In one audacious year she's given us a glimpse of a possibility we did not dare to believe. Hands up all those who believed India's next grand slam fourth round player after Ramesh Krishnan in 1987 would be a girl with hoop earrings from Hyderabad. No one? That sounds about right.

There is a message Sania Mirza carries and it's not on her T-shirt, but mostly it says if you believe, if you want it so bad that it's like an ache that won't pass, you can be, not champion which she isn't, but at least a contender on universal courts, and that is something. That it doesn't matter who you are, how small, how big, which town you come from, whether your practice courts have craters as hers did, playing alongside Serena Williams doesn't have to stay a fantasy.

Somewhere in India, who knows, there is a pre-teen girl with athletic potential trapped inside her waiting to break free, and she is listening to Mirza. Maybe Mirza will never get to the Top 10, or Top 20, but she's already laid the road towards it, set up the signposts for this stranger, this kindred spirit.

Still some of the celebration at her return home was uncomfortable, like a conqueror returning, which she was in a way yet she wasn't, just an athlete who's reached one small destination on a long journey, worthy of applause not yet of coronation. But it's an old tired story: in a land craving for sporting heroes, and few to be found beyond the shooters, chess players especially V. Anand, Anju George, adulation almost appears to be stockpiled, just waiting to be heaped on the next would-be-hopeful.

Mirza must learn to wear the worship (fleeting as she might find it is when she stumbles, and she will, everyone does), but will be wise not to stoke it. When she talks as she recently did of No.1, part of you likes it because she sees no impossibility to it, but part of you cringes and wishes she didn't because it's too far to even really see. She is 18, but then so is Maria Sharapova and the distance between them is apparent, and we can say Indians may not physically mature as quickly, that all journeys to greatness take different routes, and we will not be wrong but eventually, in a few years, age won't matter only accomplishment will.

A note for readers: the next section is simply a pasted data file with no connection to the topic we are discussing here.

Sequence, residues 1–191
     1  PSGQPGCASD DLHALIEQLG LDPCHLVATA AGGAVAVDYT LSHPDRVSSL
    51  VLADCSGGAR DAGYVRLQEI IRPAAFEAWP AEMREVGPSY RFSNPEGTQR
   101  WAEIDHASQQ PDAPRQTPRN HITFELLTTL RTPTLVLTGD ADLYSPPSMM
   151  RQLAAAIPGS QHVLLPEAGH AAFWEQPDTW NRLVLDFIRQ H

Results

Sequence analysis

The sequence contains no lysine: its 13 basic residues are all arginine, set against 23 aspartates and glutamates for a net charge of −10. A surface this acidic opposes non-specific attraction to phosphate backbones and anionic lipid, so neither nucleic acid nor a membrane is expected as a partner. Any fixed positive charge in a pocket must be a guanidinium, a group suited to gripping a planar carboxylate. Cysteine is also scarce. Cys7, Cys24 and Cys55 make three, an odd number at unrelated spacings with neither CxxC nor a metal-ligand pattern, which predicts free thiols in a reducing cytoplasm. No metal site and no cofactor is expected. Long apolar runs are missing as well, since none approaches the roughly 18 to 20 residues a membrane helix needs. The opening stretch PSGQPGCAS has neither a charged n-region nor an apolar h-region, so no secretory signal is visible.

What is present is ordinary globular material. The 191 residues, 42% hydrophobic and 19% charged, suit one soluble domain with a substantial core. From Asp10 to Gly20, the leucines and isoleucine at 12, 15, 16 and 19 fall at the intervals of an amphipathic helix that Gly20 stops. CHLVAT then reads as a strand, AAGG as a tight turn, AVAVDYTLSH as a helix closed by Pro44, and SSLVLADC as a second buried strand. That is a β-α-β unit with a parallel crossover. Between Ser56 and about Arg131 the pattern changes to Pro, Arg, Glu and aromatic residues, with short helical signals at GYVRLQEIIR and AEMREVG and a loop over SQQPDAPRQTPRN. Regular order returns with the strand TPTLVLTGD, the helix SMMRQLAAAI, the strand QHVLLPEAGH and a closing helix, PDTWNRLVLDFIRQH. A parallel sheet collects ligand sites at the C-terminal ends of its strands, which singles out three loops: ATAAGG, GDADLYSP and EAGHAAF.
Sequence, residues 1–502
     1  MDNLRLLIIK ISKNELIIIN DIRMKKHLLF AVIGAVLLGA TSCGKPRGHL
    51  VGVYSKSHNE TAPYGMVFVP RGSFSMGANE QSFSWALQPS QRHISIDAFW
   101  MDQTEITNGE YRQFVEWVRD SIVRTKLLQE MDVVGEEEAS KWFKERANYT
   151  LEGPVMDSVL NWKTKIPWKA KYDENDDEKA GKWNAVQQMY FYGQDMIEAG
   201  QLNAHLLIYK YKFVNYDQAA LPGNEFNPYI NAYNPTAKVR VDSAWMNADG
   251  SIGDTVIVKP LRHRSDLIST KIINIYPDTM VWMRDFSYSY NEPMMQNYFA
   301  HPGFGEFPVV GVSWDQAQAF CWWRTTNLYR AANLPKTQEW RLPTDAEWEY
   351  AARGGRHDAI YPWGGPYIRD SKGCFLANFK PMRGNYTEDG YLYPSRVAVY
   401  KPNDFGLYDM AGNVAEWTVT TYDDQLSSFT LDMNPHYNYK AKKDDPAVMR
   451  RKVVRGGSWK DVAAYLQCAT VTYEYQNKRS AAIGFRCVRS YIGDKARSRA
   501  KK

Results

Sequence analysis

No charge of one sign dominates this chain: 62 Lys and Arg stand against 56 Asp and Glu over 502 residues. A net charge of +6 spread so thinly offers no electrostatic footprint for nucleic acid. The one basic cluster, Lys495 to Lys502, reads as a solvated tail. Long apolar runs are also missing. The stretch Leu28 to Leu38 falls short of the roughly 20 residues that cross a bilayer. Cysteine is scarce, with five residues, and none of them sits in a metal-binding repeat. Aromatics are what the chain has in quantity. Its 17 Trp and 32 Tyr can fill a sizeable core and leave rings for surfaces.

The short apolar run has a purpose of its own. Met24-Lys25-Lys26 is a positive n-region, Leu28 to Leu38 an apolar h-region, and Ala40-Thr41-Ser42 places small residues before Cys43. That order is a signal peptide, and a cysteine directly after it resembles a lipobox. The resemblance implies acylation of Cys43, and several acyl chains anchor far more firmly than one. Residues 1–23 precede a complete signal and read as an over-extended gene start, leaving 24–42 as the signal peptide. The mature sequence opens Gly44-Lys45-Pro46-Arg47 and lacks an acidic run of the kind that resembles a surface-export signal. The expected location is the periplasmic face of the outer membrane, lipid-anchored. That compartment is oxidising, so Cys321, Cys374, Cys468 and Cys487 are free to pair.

Sania Mirza set out to be the best tennis player she could be and what that is we don't know and neither does she yet. As a player, she owns the shots but lacks shot selection, she has power but needs to find patience, she has confidence but not yet court-craft, she has no fear of the big occasion but not yet the completeness of game to go with it.

What is vital to this equation is that what she owns is harder to teach than what she has to learn. To be that player she must be, Mirza might have to change a thing or two, in technique, in how she moves, in how she thinks on court, and that is fine. But not much else, not the head held high, not the walk, not the rage, not the defiance, not the dreaming. Sania Mirza is what she is because of who she is.